What is it good for

“A war doesn’t merely kill off a few thousand or a few hundred thousand young men. It kills off something in a people that can never be brought back. And if a people goes through enough wars, pretty soon all that’s left is the brute, the creature that we—you and I and others like us—have brought up from the slime.” – John Williams, Stoner

Playing with matches

“Memory is an arsonist, setting fires cell-deep at ungovernable intervals of time and space. Lights go on, searching out pain. The hands of another. The mother voice, singing to block out the noise. Titanic laughter and with it confusion. Clouds, white, grey striations, disposed across the eye. The folded heron in the reed bed, the river drifting deeply, its world mirroring still.” – David Hayden, “Wonder Meadow”

Snapped in two like a pencil

“All the hours, all the days, the months in figurative seclusion, all the sentences written that’ll never be read, and all the books published that’ll never reach any more than a handful. And yet it’s still in the act of solitude that I look to make a connection, to be something other than alone. There’s something so broken about it, but look, I’m still here. I’m writing in the darkness of a room, shortly after dusk.” – Michael J. Seidlinger, “Every Time You’re Alone: An Incomplete List”

And that’s why we do it

“Philosophy in the end is an intellectual game. At limits unattainable by mathematics and the empirical sciences, it constructs all sorts of intricate structures. And as a structure is completed, the game ends. Fiction is different from philosophy because it is the product of sensory perceptions. If a futile self-made signifier is saturated in a solution of lust and at a particular time transforms into a living cell capable of multiplying and growing, it is much more interesting than games of the intellect.” – Gao Xingjian, Soul Mountain (trans. Mabel Lee)

Especially having to apologize for it later

“It’s what musicians do when they don’t know what to do anymore. They take out a wineglass or a handkerchief and try to play their cellos with that. Or they rub a balloon and tell people that this is their new instrument. Or they hang on to the bow and toss the cello, and they play their bow on the radiator or piano or a piece of wood. They make a sliding or scratching sound and this is their new music. Or artists, they do it too. They put away their pads and pull stuff out of the garbage. They’ve been doing that for so long, it’s unnerving—this little segment of the population going around, saying that they see art everywhere: trash bin, mountain, sidewalk, plank, person, disease. Some people find it almost annoying.” – Deb Olin Unferth, “Abandon Normal Instruments”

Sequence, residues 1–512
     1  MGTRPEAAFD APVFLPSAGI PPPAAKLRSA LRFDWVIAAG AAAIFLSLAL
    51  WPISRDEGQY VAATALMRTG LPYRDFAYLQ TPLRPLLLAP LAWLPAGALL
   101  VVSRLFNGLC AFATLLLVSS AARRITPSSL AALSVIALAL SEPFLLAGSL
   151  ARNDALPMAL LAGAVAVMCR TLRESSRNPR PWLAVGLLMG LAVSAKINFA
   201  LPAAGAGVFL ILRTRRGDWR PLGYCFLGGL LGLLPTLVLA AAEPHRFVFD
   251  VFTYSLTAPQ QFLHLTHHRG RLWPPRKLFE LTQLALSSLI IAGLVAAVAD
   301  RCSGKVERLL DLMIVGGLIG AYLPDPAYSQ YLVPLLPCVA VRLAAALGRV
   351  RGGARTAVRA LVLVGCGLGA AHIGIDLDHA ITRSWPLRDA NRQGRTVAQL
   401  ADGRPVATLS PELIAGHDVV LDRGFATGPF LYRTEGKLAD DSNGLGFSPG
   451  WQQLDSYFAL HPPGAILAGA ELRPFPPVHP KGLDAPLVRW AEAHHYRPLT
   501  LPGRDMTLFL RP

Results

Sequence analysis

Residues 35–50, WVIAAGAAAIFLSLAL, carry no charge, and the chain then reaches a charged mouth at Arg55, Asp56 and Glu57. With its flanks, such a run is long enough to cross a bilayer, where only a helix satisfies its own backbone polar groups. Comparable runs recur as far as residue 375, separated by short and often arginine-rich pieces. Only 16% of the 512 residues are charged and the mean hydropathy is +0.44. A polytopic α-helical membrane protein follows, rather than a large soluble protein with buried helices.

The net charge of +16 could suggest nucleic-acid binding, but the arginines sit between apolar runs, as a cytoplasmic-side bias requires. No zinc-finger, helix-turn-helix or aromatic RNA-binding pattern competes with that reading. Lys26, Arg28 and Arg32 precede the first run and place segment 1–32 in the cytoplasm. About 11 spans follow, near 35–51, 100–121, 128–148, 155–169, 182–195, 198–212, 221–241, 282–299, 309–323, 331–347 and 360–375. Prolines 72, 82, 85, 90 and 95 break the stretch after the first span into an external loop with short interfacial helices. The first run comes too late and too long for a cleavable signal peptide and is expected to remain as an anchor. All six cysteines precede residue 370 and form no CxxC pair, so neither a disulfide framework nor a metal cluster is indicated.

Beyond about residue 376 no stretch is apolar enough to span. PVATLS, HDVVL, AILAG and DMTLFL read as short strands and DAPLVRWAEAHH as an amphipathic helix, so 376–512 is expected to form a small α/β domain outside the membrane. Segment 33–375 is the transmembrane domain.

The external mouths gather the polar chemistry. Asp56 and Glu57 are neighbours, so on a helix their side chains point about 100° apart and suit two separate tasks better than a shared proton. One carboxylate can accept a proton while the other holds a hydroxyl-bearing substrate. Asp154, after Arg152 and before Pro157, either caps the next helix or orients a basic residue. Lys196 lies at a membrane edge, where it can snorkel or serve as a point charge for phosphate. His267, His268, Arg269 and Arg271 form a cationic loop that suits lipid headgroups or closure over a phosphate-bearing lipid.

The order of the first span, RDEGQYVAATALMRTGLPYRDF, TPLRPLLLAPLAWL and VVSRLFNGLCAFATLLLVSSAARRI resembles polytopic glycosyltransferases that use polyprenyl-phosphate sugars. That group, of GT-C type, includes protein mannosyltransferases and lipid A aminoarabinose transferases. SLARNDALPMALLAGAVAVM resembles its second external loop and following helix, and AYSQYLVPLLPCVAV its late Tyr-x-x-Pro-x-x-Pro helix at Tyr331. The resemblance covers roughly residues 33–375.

Please don’t talk about love tonight

“There’s a reason people in foodwork stay up late, drinking and drugging. Your shift ends and hours later you’re still sweating from those burners, amped up and pissed at whichever customer or coworker screwed you the hardest.” – Kimberly King Parsons, “Wisdom to Know the Difference”

Would you like fries with that

“The fisherman hauls his nets, tiring his body in the very act of shielding it from starvation; the starving fish takes the bait, its very need for life condemning it to death. Just how much can a man profit in this world; how much can a little fish consume? Each feels the same about existence, each treasures life. Further, the woodsman sweating on the hillside, who returns at evening bearing the north wind at his back, the limping seller plying his trade through the fields, who sets out at dawn through the thick white dew—their work may differ but for all, the sufferings of this life are one.” – Anonymous Monk, “Journey Along the Sea Road” (trans. Meredith McKinney)

The thing to do

“If you’ve ever been in a fight with someone you love,
each of you holding the pistol of your dignity
to the other’s temple, despite, or maybe
because of, the width and breadth of that love,
which has you pretty sure you’ve been mistaken
for her father, while she’s fairly certain
she’s again found someone like her mother,
so she’s haunted by her blindness, and you’re
sick of her projections, and just as someone’s
about to say the next perfect thing—perfect
for deepening this unfathomable trench—
it might be a good time to get up and leave
saying, ‘I need to check on the cornbread.’ “

– Diana Goetsch, “Whole Lotta Love”

It’s nice when they’re connected

“Intelligence is the ability to solve a problem, to decipher a riddle, to master a set of facts. Judgment is the ability to orbit a problem or a set of facts and see it as it might be seen through other eyes, by observers with different biases, motives, and backgrounds.” – James Comey, A Higher Loyalty

How special, you’re a writer

“Writing isn’t a precious thing and I’m not in eternal search of keeping what I do holy or built up out of shimmering gems. I don’t eat my lunch off a gold plated lunch truck. The great American novel doesn’t know it’s the great American novel until it’s been out almost a hundred years and the woman or man who wrote it is dead. Who cares about the great American novel while we’re in the golden age of TV? Art isn’t something you should protect from yourself. Just run towards it full sprint and embrace how ridiculous your ideas are, how unguarded, how close to something a child might think up, lying on their back in a field overgrown with weeds. The sights and sounds of the rotating world revealing itself to you, or not. Take a sip of black gas station quality coffee, take a bite of fish sandwich, write down the adventures of the day. Every day adds up. Every lunch break is something more than a lunch break.” – Bud Smith, Work